Then Peter said, “Silver or gold I do not have, but what I have I give to you. In the name of Jesus Christ of Nazareth, walk.”
Seeing the Greater Need
Strictly speaking, The Acts of the Apostles doesn’t start until Chapter 3. The first chapter describes Christ’s Ascension and final words to His followers: “You will receive power when the Holy Spirit comes on you; and you will be my witnesses in Jerusalem, and in all Judea and Samaria, and to the ends of the earth.” Chapter 2 tells how the Spirit came on Pentecost and chronicles Peter’s first great sermon, as well as the Early Church’s inception as a faith community. Not until the third chapter do we witness a specific apostolic act.
Peter and John come to the temple for afternoon prayers. A disabled beggar at its gate asks them for money. They don’t open their purses and the beggar turns his attention elsewhere. “Look at us!” Peter says; the beggar complies, expecting to receive some change. “It’s not what you want,” Peter explains, “but I’ve got what you need.” Empowered by the Holy Spirit and authorized by Christ, he tells the beggar (crippled from birth) to walk. As Peter helps him to his feet, strength enters the man’s body. To the amazement of all, he enters the temple with the apostles, walking, leaping, and praising God. What should amaze us, however, is Peter’s quickness to look beyond the man’s expectations and speak God’s power to his greater need. This epitomizes Christianity in action.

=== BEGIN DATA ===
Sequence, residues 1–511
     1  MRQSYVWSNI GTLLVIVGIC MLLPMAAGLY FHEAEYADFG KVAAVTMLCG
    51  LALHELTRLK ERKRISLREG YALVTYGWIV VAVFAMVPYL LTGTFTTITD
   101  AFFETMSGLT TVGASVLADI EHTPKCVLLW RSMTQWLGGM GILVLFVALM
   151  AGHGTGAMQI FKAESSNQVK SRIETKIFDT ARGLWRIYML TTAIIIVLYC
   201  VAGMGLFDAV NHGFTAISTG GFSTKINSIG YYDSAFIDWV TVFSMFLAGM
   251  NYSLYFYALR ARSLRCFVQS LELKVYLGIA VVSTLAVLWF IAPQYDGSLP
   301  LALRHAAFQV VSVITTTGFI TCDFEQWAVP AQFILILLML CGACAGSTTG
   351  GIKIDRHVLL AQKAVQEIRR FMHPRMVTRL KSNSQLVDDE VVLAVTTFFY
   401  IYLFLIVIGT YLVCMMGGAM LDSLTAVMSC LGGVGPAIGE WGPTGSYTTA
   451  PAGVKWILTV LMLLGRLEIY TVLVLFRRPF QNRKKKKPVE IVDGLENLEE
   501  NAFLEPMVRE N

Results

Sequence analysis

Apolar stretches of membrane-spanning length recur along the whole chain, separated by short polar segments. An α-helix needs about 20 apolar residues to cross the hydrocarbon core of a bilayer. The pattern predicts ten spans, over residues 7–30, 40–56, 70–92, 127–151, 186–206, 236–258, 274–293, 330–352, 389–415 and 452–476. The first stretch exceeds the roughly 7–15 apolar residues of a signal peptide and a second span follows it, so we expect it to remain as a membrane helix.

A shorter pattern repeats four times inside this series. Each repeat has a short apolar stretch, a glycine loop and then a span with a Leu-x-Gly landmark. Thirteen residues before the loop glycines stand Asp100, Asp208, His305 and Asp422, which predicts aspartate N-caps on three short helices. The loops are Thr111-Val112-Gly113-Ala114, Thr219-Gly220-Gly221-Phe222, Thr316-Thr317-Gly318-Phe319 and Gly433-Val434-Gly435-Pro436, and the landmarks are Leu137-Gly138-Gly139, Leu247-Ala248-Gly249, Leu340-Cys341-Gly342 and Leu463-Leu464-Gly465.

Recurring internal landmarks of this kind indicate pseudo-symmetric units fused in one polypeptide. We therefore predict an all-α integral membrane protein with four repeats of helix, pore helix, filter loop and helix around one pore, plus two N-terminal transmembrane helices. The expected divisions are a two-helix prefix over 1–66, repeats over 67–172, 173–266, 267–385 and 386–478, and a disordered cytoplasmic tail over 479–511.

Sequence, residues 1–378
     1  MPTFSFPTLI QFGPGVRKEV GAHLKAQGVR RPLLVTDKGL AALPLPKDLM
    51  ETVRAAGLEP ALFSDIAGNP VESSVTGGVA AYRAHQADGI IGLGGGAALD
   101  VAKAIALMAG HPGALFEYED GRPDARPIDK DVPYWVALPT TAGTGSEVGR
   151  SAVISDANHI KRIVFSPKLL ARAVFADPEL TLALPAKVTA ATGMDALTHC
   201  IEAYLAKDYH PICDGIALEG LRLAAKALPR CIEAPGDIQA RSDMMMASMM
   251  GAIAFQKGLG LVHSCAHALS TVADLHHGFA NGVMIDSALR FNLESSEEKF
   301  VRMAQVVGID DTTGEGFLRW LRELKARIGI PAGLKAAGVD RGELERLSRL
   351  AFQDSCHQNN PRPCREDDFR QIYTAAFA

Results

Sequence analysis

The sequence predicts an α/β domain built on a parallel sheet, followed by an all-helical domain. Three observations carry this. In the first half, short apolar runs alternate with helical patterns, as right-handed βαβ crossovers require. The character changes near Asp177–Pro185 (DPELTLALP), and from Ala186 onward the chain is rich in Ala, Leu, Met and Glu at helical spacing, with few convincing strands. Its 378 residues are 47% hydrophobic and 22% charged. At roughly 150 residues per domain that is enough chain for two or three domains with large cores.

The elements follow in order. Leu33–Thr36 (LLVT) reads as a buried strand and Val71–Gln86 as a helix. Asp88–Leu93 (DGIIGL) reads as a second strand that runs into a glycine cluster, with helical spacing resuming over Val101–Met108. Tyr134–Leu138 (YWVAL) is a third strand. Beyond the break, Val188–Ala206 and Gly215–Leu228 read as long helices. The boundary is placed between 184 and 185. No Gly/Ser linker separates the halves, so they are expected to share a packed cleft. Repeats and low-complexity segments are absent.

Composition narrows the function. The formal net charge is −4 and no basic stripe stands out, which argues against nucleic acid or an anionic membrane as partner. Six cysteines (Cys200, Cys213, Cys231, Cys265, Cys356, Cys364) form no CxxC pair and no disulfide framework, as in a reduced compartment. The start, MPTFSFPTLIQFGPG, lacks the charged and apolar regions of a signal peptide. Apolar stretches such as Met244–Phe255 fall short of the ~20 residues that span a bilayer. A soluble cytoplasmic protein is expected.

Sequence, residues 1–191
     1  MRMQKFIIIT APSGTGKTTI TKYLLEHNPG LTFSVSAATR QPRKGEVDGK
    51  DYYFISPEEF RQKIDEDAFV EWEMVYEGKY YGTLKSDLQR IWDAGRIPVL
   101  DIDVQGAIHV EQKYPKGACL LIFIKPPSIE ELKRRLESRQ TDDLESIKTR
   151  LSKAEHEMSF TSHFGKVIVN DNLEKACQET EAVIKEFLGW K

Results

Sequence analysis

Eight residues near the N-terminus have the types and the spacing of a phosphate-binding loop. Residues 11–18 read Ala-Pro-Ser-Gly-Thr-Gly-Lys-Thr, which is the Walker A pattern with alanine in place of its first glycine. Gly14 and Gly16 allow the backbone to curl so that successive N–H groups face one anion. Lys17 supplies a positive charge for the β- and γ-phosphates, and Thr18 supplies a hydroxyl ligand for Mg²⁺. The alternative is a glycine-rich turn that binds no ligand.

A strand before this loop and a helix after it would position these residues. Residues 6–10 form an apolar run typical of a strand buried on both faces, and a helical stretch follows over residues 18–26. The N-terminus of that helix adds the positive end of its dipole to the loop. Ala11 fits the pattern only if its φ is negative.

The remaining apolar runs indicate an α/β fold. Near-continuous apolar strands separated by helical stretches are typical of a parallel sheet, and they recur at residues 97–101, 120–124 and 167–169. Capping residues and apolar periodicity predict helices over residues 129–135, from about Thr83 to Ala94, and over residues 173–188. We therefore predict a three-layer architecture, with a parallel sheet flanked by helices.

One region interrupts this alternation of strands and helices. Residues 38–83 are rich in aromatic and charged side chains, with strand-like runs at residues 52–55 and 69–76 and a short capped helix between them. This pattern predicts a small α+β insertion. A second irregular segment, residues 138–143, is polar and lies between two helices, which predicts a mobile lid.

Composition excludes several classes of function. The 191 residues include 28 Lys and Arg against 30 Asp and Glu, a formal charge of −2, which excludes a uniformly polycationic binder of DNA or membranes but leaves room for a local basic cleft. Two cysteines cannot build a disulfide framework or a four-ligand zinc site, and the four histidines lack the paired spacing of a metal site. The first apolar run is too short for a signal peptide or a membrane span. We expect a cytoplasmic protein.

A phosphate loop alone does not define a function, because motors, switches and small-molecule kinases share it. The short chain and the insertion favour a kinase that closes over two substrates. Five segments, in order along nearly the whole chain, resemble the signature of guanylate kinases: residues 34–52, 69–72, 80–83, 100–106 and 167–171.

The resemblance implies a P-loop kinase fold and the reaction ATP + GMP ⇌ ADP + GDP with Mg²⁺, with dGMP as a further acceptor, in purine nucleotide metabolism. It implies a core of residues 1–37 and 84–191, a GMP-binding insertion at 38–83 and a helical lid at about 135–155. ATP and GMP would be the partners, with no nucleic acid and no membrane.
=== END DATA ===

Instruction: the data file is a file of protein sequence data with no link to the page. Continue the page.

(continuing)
Although Peter’s calling to lead the church was unique, the power He received was not. In his Pentecost message, he stressed the Holy Spirit “is for you and your children and for all who are far off—for all whom the Lord our God will call.” (Acts 2.39) So, does having the same power as him mean we can or should perform the same feats—heal homeless people, for instance? Those who think so are entitled to their beliefs. But even others who recoil from such a literal idea should heed Peter’s example. When we yield to the Holy Spirit, His power transforms how we approach and respond to the world. We go past what’s expected of us to meet the greater need. We turn faith into service.
Fanning the Flame
In 2 Timothy 1, Paul reminds us “to fan into flame the gift of God, which is in you,” adding, “God did not give us a spirit of timidity, but a spirit of power, of love and of self-discipline.” God provides us special gifts and asks us to stir them to life. In our daily activities certainly, but also when entering the halls of faith, we should watch and listen for opportunities to apply our talents to unmet needs. God hasn’t given you a timid spirit. He’s given you the power to love others and the ability to discipline yourself by His Spirit. His gift is in you. You have something people need. Be like Peter. Give what you’ve got.
The Holy Spirit empowers us go beyond what's expected and meet the greater need.
(Tomorrow: Strong Shoulders)